Biological and Agricultural Engineering - BS

Graduates from the Biological and Agricultural Engineering program will:

  • Successfully enter the biological and agricultural engineering profession as practicing engineers and consultants in the natural resources, machine systems, food processing, bioprocessing, and agricultural production and processing fields.
  • Pursue graduate education and research at major universities in biological and agricultural engineering, and related fields.
  • Advance into leadership positions in their chosen fields and professional societies.
  • Engage in life-long learning through professional registration and professional development.

Students learn to apply fundamental knowledge of biological and physical sciences, mathematics, and engineering principles to formulate and solve engineering problems. Engineering design is integrated throughout the curriculum, along with opportunities to develop communication, learning, and teamwork skills, culminating in a capstone design experience. Electives in the curriculum allow the student to focus in one of the following areas:

  • Environmental and Natural Resources Engineering—design and management of systems affecting soil, water, and air resources.
  • Renewable Energy Engineering—design and development of biomass, wind and solar energy systems.
  • Food and Bioprocess Engineering—design and development of systems for processing and handling of food and agricultural products and processes involving cells, enzymes, or other biological components.
  • Machine Systems Engineering—design and development of machines and machine systems for food, feed and fiber production and processing.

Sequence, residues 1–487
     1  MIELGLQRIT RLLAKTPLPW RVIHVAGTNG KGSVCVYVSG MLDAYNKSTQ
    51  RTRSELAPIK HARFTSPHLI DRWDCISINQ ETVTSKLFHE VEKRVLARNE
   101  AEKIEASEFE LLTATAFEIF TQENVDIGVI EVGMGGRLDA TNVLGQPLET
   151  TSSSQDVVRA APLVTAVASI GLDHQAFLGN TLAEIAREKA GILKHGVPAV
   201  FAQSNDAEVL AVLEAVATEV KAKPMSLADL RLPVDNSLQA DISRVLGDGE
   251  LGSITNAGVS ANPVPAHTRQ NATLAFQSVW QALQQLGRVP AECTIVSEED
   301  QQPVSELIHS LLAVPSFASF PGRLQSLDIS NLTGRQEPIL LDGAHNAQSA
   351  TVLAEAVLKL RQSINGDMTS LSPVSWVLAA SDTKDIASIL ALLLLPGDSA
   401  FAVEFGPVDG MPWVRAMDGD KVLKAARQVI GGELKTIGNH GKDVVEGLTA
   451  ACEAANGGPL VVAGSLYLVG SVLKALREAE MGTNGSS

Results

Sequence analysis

Students select courses with the assistance of faculty advisors in an individualized advising system. Faculty members also assist with professional development and job placement for students.

The biological and agricultural engineering program is jointly administered by the College of Agriculture and Life Sciences and the College of Engineering, and the curriculum is fully accredited by the Engineering Accreditation Commission of ABET, Inc., www.abet.org. The department is one of the largest in North America and is consistently ranked as one of the top programs in the nation.

For graduates to become successful practicing biological and agricultural engineers, students need to acquire a set of skills, knowledge, and behaviors as they progress through the curriculum. We have established the following program outcomes outlining what students are expected to know and be able to do upon completion of the curriculum. At the time of graduation, students should have:

  1. an ability to apply knowledge of mathematics, science and engineering;
  2. an ability to design and conduct experiments, as well as to analyze and interpret data;
  3. an ability to design a system, component, or process to meet desired needs within realistic constraints such as economic, environmental, social, political, ethical, health and safety, manufacturability, and sustainability;
  4. an ability to function on multidisciplinary teams;
  5. an ability to identify, formulate, and solve engineering problems;
  6. an understanding of professional and ethical responsibility;